A medical marvel, Victorian Hill suffered a nearly fatal colic attack in 1991. Half of his colon (seven feet) was removed and he lost 300 pounds. Owner William Lickle was told he would never race again. But the seven-year old came back in the following spring and won the $100,000 Iroquois Handicap in his third start over the fences.
Victorian Hill excelled at running downhill and his superb jumping allowed him to hold off rivals at the end of races. A Hall of Fame inductee, he won stakes in six different seasons and retired with 18 wins from 68 starts and $754,540 in earnings. Three years ago another horse kicked the 21-year-old gelding while in a field and Victorian Hill suffered a shattered right hind leg and was euthanized.
"We all felt like we've lost a special friend," Elliot said.
Elliot's horses have won the Colonial Cup, Grand National and Temple Gwathmey five times apiece. Her runners have won such prestigious jumping events as the Carolina Cup, Georgia Cup, Iroquois, National Hunt Cup, New York Turf Writers Cup, and the A.P. Smithwick Memorial. Elliot's lifetime earnings stand at more than $7.6 million – trailing only Sheppard and Jack Fisher. Her lifetime total of 361 National Steeplechase Association wins through the end of August ranks among the best.
Her father was a British army officer who served in India, where he rode and hunted. The year Janet was born he retired to County Cork, Ireland. She got her first pony at age seven.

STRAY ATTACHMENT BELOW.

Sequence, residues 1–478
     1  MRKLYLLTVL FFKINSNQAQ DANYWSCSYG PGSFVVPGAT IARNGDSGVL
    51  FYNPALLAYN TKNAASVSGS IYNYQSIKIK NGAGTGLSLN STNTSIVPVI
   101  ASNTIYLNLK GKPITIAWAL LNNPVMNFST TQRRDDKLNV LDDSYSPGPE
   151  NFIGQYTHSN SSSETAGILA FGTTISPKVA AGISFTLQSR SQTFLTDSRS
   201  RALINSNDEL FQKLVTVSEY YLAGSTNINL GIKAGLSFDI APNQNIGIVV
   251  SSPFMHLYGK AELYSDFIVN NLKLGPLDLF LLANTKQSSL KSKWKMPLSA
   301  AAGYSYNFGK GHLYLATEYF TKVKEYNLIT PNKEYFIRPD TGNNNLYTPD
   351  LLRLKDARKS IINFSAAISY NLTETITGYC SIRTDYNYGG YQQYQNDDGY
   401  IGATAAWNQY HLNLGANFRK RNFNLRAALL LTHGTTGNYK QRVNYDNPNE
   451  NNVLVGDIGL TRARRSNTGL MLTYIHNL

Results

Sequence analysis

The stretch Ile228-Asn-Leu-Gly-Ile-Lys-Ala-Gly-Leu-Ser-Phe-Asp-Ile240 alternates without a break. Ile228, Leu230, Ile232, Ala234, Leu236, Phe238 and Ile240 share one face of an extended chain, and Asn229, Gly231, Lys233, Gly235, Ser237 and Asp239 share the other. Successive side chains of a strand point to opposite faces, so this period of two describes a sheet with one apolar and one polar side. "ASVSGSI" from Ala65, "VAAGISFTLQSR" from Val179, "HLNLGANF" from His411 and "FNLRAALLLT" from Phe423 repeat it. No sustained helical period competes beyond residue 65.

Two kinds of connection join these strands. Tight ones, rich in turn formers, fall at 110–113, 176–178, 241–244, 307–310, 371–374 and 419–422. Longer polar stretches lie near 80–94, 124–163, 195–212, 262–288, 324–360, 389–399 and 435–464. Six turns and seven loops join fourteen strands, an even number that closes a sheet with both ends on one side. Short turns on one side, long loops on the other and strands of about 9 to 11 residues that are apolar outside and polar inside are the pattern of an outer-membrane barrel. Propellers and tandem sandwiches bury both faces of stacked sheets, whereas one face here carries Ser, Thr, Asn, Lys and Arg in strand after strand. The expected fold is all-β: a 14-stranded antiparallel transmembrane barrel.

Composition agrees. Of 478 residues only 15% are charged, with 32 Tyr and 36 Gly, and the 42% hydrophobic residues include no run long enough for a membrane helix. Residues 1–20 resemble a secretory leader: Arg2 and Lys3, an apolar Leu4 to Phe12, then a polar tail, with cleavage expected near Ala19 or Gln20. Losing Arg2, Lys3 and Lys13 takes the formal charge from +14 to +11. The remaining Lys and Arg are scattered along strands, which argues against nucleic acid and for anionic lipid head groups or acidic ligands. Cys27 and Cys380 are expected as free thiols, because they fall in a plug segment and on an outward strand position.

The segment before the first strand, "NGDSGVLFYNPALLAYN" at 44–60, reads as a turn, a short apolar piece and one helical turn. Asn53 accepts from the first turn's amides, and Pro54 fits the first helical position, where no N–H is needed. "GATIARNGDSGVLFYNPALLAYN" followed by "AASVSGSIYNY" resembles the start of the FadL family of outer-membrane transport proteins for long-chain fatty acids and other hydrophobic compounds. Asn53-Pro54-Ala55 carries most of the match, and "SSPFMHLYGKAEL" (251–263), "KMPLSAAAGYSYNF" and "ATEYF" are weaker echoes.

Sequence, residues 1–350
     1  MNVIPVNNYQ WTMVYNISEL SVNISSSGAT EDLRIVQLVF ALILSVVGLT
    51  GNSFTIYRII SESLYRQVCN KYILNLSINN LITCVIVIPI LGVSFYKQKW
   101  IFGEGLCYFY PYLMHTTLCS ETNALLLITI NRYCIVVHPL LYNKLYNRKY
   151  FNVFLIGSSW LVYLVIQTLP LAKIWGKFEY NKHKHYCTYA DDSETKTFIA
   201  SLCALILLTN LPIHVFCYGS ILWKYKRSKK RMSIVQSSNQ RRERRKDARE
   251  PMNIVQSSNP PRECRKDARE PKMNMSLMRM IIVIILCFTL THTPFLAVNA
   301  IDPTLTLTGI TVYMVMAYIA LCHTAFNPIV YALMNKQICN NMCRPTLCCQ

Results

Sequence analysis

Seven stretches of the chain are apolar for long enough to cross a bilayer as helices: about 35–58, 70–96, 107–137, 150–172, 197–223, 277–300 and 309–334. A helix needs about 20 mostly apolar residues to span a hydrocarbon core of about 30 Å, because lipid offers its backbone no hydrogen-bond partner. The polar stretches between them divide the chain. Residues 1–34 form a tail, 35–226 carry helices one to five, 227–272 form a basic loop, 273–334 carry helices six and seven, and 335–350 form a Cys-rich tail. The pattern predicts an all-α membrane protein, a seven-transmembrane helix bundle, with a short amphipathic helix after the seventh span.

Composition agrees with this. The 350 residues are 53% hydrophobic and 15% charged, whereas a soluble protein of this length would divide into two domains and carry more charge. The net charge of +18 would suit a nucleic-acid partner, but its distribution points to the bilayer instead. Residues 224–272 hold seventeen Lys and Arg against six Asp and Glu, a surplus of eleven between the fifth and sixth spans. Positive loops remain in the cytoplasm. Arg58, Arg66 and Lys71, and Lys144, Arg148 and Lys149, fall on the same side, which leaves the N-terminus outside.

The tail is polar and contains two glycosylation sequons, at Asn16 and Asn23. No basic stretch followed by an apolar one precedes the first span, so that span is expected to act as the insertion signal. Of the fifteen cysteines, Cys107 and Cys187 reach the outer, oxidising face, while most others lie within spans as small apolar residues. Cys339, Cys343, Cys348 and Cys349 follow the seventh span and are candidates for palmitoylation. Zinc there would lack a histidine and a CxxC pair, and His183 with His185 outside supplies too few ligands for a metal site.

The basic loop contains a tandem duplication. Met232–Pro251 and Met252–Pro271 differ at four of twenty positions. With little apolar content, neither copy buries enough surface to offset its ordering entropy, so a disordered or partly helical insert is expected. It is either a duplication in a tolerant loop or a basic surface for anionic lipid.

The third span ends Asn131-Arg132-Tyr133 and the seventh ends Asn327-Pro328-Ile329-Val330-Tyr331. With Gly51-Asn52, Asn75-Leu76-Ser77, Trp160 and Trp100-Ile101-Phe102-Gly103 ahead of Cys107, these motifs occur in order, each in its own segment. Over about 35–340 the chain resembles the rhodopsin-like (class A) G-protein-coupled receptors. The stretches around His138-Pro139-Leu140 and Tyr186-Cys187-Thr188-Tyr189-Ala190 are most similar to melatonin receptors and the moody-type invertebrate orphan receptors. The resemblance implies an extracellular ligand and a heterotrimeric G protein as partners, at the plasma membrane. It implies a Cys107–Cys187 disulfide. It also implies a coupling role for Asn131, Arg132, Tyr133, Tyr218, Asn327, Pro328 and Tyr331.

"He pulled a cart with a creamery churn in the back," Elliot recalled with a wide smile. "I loved all animals but horses were my passion. I had no idea it would be my life."
After completing school, Elliot enrolled in the Burton Hall riding academy run by Col. Hume Dudgeon. Later she became an instructor. Elliot came to the United States in 1968 when her spot as a groom for the Irish Olympic show jumping team at the Mexico Olympics fell through. She traveled to Pennsylvania and hooked up with legendary horsewoman Betty Bird in Unionville where she worked with a string of very nice hunters, show-jumpers and racehorses.
Supposed to start work with trainer Cocks, the job was scrubbed when Elliot broke her collarbone and damaged her knee in a car accident. In the spring of 1969 she landed a job as a babysitter for Sheppard and his first wife. She moved in with the couple and started working with his horses.